Admittedly the business tactic called ‘Networking’ has acquired a bit of a mucky name. Some of the reasons for this are its misuse in its early beginnings. Many would use the activity from purely selfish perspectives, as a means to collect as many cherry-picked contacts and following up with few courtesy calls if any. Sounds a bit like a ‘playa’ at a nightclub! Some of ‘networking’s’ rehabilitation has to be in its name, but a suitable one hasn’t surfaced yet. Being in the business of business and entrepreneurialism for some time –  it’s safe to say ‘networking’ events have often cropped up. And yes, to continue the use of the romancing parlance, a few frogs have been kissed.

Pressing-the-flesh so to speak is still important even in these technologically driven times. We humans are still very tactile, needing to consistently use our senses. So for example even though online shopping is growing with popularity (with headlines screaming percentage increases after each December), physically visiting a store for clothes shopping isn’t going anywhere anytime soon. Social media communication is important, but much of this should be underpinned by real-time meetings which helps to iron-out any ambiguities in exchanging and communicating ideas and to cement trust.

So, what’s frogs and kissing got to do with this? Oh yes. Every now and again a productive event which includes ‘networking’ comes up. This occasion came in the form of Inspireurbiz, the brainchild of entrepreneur Vee Roberts. Held in the Royal Bank of Scotland’s Bishopsgate offices, the event was a mixture of workshops, testimonials, guest speakers and ‘networking’, speed-networking to be precise. This was formidably supervised by Jackie Groundsell of 1230 The Women’s Company (pink frog-horn and-all). In this group participants were paired in two concentric circles and given 30 seconds each to tell the other about their business. The outer circle started first. At 60 second intervals the outer circle would move anticlockwise to the next person where the pattern would repeat.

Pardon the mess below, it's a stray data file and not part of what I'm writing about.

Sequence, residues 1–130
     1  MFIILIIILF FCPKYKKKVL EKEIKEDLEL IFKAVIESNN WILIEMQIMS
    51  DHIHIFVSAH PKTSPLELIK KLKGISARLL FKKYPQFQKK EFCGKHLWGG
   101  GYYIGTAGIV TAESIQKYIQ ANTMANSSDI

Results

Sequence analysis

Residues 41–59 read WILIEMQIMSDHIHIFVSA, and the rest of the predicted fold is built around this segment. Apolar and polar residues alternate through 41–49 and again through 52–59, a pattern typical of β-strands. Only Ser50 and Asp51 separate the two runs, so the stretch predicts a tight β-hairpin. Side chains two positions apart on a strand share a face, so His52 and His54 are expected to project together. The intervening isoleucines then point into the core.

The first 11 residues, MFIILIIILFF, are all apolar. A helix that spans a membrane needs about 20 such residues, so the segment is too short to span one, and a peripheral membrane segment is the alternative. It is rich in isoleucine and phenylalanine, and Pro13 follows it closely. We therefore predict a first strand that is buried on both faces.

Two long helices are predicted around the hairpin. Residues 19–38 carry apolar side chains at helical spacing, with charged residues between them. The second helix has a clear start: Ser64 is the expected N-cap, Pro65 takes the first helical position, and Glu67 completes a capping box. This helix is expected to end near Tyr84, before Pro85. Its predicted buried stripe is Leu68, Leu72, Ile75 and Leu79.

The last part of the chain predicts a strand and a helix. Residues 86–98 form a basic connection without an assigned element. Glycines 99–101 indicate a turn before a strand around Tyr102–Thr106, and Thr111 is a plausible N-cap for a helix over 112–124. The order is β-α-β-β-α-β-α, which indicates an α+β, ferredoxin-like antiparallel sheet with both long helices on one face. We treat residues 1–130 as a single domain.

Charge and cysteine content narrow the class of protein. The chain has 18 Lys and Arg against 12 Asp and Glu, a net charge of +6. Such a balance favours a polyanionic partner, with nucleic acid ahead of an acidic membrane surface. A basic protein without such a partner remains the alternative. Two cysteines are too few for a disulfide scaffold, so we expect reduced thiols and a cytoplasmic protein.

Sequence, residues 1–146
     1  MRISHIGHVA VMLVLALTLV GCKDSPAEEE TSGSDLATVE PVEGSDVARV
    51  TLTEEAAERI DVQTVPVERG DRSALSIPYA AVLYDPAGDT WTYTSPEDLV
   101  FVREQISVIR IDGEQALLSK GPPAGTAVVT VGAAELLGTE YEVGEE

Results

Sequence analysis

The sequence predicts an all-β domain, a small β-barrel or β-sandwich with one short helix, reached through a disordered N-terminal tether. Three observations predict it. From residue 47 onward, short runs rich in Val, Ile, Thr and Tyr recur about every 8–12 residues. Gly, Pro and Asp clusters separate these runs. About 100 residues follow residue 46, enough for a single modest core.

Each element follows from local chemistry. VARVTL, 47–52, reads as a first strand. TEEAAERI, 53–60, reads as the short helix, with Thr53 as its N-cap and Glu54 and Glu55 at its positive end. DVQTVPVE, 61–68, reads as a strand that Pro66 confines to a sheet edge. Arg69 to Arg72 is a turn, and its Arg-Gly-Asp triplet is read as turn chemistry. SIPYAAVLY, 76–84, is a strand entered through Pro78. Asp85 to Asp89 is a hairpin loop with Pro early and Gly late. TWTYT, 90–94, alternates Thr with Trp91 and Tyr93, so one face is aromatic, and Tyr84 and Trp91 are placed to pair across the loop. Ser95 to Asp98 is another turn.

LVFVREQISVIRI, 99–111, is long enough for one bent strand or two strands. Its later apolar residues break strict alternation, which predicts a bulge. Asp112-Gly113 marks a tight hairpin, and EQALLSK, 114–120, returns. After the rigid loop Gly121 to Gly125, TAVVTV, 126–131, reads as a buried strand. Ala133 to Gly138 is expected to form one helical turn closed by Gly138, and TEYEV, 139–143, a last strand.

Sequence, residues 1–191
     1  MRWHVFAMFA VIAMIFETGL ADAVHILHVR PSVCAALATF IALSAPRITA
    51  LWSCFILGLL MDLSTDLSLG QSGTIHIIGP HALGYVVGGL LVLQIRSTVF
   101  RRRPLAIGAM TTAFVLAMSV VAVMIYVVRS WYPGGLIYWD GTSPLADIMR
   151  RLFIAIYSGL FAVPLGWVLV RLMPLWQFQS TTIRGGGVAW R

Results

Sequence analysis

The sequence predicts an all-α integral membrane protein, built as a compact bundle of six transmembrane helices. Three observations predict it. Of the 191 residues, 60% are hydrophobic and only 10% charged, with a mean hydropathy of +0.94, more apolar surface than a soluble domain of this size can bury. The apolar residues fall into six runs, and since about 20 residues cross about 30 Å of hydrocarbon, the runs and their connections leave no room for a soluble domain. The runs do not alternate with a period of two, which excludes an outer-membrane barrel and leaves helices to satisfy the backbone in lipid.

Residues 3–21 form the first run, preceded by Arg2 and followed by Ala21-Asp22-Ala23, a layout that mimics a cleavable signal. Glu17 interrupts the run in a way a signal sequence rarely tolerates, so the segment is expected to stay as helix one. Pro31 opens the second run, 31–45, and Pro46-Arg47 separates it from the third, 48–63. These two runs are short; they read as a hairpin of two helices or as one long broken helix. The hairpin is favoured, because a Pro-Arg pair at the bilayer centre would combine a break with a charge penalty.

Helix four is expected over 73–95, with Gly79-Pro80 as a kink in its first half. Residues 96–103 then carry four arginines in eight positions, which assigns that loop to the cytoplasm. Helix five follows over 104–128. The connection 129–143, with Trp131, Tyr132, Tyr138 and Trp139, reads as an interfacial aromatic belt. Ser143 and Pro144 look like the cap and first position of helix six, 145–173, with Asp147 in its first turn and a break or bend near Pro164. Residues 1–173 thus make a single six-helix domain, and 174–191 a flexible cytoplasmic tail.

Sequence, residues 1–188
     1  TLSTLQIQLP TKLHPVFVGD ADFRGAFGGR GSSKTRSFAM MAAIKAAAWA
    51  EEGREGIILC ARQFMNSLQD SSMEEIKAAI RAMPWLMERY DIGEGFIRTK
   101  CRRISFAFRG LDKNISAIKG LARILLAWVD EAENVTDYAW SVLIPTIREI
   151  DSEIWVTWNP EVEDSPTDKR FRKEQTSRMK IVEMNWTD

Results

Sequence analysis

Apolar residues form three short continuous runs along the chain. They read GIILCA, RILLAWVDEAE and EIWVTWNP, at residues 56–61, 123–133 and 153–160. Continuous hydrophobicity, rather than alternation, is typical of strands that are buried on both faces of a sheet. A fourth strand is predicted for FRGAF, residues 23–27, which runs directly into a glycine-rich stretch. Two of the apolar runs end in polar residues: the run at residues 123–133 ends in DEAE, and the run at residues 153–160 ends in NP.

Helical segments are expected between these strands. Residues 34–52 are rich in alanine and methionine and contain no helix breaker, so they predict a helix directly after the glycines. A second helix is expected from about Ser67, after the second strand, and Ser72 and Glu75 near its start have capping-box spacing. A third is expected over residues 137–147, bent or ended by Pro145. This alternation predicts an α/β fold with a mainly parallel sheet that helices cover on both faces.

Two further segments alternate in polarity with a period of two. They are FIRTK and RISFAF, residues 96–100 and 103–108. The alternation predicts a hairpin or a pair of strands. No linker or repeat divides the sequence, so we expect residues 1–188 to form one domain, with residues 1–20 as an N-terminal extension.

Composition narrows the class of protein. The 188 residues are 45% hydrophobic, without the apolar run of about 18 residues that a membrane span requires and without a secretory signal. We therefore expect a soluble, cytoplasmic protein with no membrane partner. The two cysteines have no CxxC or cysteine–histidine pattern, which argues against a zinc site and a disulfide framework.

Here’s what made the Inspireurbiz event pertinent; the re-learning of two things:

1)    How to explain (pitch) the business model in a short space of time (on this occasion, 30 seconds to be exact).

2)    How to listen to (potential) clients.

Listening, a skill many of us have to learn.

The “So, what do you do?” question comes up often in business and it’s still surprising how many are still unable to answer this question briefly, yet concisely. It takes practise admittedly. We often want to ‘get everything in’ by lengthy explanation when we meet this question in the belief that we’ll miss something out and our client won’t ‘get it’. Honestly if you drone on, they won’t anyway! Learn how to pare down your model description – and most importantly, feel confident in your delivery’s content. Don’t let niggling anxiety bring doubt to a short pitch. An example of how you can allow your clients to ‘get it’ comes in a second revision lesson; listening.

Whether we like it or not, people are mostly interested in themselves and how events, others and the world relates to them. From a business position to engage clients, one should relay business models from clients’ perspectives. What does it mean to a client to engage you and your services, how can your services help them?

Could you pitch your business by the time you reach your floor?

After the circle rotated a few times I realised my luck in being in the inner circle and being able to listen first to my fellow participants on the outside. I was able to listen to their needs and on my turn to speak I was able to place each person in the business model and explain to them how the business could assist them in their own endeavours, thus explaining the “So what do you do?” question concisely yet personally.

Perhaps it’s time to get back together again and re-start an affair with ‘networking’ after all.